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Understanding Lenses: Part I, and is the third in a series of lessons about camera lenses. Links to the others are at the bottom of the article.
If direct sunlight (or light from another source such as a street lamp) hits the front element of your lens, you will almost certainly get flare.
There are two types of flare. One is specular flare; circular blobs or streaks of light across the frame. You can see specular flare in the photo below.
The other is veiling flare, where light creeps into the shadow areas of your photo, reducing contrast in the darkest tones and decreasing sharpness and definition. This is more subtle and not always as noticeable as specular flare. An example where you might see veiling flare is in a portrait backlit by the sun. The opening photo to this article contains veiling flare.
Quick tip: Using the auto-levels or auto-contrast functions in Photoshop helps compensate for lack of contrast caused by veiling flare.
Flare is caused by direct light hitting the front of the lens (this is called ‘non image forming light’). This can happen with any lens, but wide-angle lenses are more prone to this than longer focal lengths because of their greater angle-of-view. The easiest way to prevent flare is to make sure that there is no direct light shining on the lens. There are several ways to do this:
A lens hood is an essential accessory for any lens. Some lenses, usually the more expensive models in the range, are supplied with lens hoods. For any other lens you will need to buy one separately. The instruction manual of your lens will tell you which lens hood to buy.
It is best to buy that particular lens hood if you can, or a third-party alternative that matches the shape and size of the recommended lens hood. These are often less expensive, although they may not be made quite as well. But for a lens hood build quality doesn’t really matter, as its main task is to keep light off your lens.
The above photo shows a Canon EF 17-40mm zoom lens with the lens hood it comes supplied with. This shape hood is called a petal lens hood and is common with wide-angle lenses. The cut away corners are designed to prevent vignetting.
This photo shows a metal third-party lens hood that I bought for my 85mm prime lens. The field-of-view of this lens is much narrower than the 17-40mm zoom, therefore the lens hood can be longer without causing vignetting. Longer lenses are better protected by lens hoods than shorter ones.
Lens hoods work by casting a shadow over the front element of the lens. Once you have bought a lens hood you should keep it on the lens whenever you take photos. Even if you think your images are flare free, it may be that there is a small amount of flare that you don’t notice until you view the photo on your monitor.
Lens hoods also have the benefit of helping protect your lens from accidental knocks and scratches – another reason to keep them on your lenses while using your camera.
If the lens hood isn’t enough to keep the sun off your lens, there are other techniques you can use:
If the camera is tripod mounted, you can shade the front element with your hand or a piece of card during the exposure. Just make sure your hand doesn’t appear in the photo.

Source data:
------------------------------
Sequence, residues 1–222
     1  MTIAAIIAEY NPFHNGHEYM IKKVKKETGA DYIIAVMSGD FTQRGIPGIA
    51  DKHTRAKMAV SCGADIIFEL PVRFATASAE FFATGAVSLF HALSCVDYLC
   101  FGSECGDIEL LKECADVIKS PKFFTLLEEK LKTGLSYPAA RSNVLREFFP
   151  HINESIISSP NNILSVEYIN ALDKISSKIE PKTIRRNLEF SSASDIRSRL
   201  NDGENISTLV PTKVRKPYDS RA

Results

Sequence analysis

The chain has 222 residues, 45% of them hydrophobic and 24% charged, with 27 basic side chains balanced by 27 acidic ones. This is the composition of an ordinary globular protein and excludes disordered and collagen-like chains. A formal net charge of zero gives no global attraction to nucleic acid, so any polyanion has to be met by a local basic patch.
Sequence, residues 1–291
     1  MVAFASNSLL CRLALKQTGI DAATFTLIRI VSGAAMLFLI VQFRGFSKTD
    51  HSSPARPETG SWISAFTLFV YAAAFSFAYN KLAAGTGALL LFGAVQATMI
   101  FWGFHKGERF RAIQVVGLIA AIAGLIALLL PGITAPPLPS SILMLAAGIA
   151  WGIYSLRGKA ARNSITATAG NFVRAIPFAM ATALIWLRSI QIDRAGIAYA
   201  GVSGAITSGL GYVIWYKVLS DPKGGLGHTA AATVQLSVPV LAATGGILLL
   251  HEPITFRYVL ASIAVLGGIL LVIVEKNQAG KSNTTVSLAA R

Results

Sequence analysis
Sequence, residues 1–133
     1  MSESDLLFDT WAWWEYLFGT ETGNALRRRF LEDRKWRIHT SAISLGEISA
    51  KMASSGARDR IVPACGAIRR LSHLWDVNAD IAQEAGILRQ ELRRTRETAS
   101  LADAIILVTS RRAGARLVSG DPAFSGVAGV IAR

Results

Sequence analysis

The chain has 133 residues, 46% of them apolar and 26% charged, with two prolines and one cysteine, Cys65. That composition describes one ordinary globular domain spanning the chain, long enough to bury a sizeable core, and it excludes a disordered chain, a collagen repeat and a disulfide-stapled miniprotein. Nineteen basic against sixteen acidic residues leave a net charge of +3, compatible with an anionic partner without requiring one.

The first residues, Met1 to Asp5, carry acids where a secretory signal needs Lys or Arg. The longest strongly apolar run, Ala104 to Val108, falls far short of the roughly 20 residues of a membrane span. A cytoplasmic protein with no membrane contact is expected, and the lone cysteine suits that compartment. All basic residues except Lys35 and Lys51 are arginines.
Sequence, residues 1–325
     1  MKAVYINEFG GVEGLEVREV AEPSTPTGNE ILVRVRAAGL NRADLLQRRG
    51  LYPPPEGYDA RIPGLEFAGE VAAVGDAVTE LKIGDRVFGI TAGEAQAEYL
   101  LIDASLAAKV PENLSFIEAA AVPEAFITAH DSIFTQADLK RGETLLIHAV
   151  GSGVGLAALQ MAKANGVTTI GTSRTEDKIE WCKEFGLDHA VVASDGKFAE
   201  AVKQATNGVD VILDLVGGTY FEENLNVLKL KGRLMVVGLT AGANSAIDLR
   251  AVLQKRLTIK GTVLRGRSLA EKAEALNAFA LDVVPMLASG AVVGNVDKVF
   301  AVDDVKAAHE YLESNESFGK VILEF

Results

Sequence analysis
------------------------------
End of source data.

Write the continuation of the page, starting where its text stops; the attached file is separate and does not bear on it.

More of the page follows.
Stand in the shade when you take a photo, if possible. This prevents the light from the sun hitting the front element of your lens. If you’re taking a photo of someone backlit by the sun, and there is too much flare, try placing them in the shade instead. If you also stand in the shade when you take the photo, you won’t get flare.
Use prime lenses. Prime lenses (if you have one) are less prone to flare than zooms. One reason for this is that they contain fewer internal lens elements. One cause of flare is light being dispersed inside the lens as it passes through the lens elements. The fewer elements inside the lens, the less likely you are to get flare.
Keep the lens clean. If your lens is dusty, dirty or greasy it will be more prone to flare. Anyone who has looked into the sun while wearing spectacles or sunglasses will appreciate this. Your vision is clearer if the lenses are clean. It’s the same for camera lenses.
Cleaning is easy. I use a blower brush to remove dust and dirt, then lens tissues with a lens cleaning solution to clean the element. Check your lens (and filters) regularly to make sure that they are clean. Shining a torch onto the front element is a good way to see if there is dust or grease otherwise invisible to the naked eye.
The debate about filters is ongoing and opinion seems to be divided about whether they adversely affect the quality of the image or not. I don’t think it makes much difference and use ultraviolet (UV) filters to protect all my lenses. I feel more comfortable knowing the filter is there to protect the front element of the lens from knocks or scratches.
I buy coated filters which help reduce flare. They cost a little more but for me it’s worth it. I keep the filter cases in my camera bag so that if I’m in a situation where flare is an issue (if I’m shooting into the sun, for example) I can remove the UV filter temporarily and store it. I can also remove the UV filter if I use a polarising filter, to avoid having more than one filter attached to the lens at a time.
Finally, don’t forget than you can use flare creatively. Sometimes it adds to the atmosphere of the photo. There’s even a Photoshop filter for those situations where you would like to add it afterwards. Thats how I created the flare in the above image.
These are the previous articles in the series. My next article will be about flare; exploring the causes, how to prevent flare and also how to use it creatively.
If you liked this article then take a look at my latest eBook, Understanding Lenses: Part I – A guide to Canon wide-angle and kit lenses.
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